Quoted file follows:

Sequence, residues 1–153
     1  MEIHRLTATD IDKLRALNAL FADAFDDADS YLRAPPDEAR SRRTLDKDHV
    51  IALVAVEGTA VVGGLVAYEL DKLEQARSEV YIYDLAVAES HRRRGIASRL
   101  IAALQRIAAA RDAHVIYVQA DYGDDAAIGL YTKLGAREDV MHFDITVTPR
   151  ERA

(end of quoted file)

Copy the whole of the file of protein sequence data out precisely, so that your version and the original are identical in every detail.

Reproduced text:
Sequence, residues 1–153
     1  MEIHRLTATD IDKLRALNAL FADAFDDADS YLRAPPDEAR SRRTLDKDHV
    51  IALVAVEGTA VVGGLVAYEL DKLEQARSEV YIYDLAVAES HRRRGIASRL
   101  IAALQRIAAA RDAHVIYVQA DYGDDAAIGL YTKLGAREDV MHFDITVTPR
   151  ERA